Sunday, January 9, 2011

Snowy Night in Mississippi

Well, here I am in Mississippi. Post-holiday, early January stillness which I so look forward to every year.  It's supposed to snow today . . . enough to cancel stuff, so people are pretty excited and aflutter. Supposedly the first few flakes have begun to touch down but the sun has just set in time to conceal the magical image of flakes floating through bare tree branches and onto our dry yellowed grass.  I must admit I would be very pleased to see this whole place blanketed in snow.  It would feel somehow satisfying, as if, being a Northerner at my roots, I had some influence upon this weather.  As if, finally, I could enjoy the effects of my Northern-nish and watch it affect the lives of others in such an omnipresent force as the weather, rather than feel it is something to set me apart as an individual.  As if my personified Northerninity could retaliate against suppression, and manifest in its most well-known characteristic, Snow.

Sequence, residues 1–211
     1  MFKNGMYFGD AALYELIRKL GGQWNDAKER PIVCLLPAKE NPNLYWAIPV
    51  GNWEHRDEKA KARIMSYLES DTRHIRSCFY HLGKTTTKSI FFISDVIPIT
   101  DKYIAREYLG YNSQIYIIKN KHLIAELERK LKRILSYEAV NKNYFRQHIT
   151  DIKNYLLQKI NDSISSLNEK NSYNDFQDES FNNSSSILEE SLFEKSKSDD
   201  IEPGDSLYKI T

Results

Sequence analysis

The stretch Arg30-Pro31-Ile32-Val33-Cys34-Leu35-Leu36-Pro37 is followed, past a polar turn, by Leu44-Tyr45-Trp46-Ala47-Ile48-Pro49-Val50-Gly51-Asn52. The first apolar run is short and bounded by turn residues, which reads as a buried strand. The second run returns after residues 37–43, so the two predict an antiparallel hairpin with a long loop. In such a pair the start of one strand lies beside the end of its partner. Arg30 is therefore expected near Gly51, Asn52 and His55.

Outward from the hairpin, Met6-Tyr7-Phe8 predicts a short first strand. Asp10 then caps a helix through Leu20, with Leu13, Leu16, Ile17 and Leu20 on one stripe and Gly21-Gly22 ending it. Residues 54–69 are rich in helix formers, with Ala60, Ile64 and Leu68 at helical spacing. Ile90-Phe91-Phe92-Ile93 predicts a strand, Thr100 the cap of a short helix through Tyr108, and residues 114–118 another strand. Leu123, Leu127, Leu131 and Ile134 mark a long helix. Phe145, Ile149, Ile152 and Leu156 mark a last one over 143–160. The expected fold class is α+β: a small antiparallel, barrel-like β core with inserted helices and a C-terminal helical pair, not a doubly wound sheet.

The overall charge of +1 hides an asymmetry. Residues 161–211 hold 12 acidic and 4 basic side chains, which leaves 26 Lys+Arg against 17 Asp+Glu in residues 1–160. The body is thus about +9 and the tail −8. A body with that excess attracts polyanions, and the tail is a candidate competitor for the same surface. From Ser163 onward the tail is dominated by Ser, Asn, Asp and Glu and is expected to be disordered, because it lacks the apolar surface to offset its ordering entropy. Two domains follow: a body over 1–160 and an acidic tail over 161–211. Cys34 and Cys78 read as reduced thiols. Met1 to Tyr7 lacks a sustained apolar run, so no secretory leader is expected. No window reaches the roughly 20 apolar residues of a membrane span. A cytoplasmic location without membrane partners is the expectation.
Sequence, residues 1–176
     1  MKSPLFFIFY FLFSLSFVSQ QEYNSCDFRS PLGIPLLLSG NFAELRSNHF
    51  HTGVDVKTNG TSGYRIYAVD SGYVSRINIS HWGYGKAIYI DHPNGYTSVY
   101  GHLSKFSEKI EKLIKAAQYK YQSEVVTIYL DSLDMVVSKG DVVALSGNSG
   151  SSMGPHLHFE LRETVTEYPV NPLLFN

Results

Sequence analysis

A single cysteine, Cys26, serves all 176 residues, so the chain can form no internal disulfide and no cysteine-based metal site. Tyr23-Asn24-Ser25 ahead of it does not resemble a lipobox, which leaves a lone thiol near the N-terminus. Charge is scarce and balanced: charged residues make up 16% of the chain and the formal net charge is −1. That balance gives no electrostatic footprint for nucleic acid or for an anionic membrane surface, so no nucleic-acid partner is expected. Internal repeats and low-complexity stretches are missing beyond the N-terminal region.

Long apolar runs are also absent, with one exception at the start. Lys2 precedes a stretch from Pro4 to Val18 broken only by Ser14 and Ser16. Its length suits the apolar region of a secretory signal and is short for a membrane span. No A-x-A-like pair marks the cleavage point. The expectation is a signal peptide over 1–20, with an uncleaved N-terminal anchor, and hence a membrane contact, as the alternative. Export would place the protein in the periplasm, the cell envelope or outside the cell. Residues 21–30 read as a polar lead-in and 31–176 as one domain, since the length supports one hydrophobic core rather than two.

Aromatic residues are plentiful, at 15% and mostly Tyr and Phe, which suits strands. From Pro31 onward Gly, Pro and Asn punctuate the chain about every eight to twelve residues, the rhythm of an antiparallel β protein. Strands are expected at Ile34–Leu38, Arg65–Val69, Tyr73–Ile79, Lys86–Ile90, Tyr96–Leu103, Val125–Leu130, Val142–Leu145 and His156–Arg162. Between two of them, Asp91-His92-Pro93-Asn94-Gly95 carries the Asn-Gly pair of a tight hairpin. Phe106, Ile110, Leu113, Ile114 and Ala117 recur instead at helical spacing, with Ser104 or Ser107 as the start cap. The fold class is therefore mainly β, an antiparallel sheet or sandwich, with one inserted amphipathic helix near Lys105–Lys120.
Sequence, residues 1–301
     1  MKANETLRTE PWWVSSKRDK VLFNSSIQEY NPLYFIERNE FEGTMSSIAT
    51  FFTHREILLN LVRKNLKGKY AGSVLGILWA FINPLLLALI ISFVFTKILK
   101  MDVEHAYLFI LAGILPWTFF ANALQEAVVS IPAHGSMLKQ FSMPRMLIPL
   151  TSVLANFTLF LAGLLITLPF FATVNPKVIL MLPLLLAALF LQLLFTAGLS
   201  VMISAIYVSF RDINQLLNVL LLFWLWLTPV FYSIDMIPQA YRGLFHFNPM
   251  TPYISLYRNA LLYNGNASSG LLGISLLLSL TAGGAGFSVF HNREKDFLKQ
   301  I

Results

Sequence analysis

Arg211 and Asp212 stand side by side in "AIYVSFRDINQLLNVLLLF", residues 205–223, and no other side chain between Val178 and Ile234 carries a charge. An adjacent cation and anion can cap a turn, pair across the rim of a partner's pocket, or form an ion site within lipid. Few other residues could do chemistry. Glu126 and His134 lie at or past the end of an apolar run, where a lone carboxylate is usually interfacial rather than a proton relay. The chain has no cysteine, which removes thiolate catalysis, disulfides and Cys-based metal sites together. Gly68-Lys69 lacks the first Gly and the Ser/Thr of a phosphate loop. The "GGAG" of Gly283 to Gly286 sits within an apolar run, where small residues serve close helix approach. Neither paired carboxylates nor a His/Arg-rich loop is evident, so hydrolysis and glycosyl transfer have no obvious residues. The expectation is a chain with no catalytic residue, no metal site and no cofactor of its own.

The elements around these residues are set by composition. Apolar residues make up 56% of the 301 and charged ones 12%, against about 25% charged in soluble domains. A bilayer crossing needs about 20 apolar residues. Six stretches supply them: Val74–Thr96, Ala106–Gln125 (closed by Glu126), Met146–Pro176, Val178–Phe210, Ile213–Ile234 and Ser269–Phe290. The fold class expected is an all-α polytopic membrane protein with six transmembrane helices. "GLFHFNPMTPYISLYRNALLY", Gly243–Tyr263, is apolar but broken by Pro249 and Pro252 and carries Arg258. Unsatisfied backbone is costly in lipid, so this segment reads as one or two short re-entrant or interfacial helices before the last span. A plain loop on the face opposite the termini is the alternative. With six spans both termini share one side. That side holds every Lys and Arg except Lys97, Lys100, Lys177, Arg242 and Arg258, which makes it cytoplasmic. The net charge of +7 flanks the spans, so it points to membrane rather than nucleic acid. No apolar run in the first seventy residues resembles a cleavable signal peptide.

"Sorry, Mississippi, it just followed me down here."

Or, even better, I magnetically attracted it. Ah, to see this world blanketed tomorrow morning would feel good.  As if, I could for an instant, mute it, and make it my own playground.  There would be something familiar and estranged about it at once.  Let's hope it actually happens!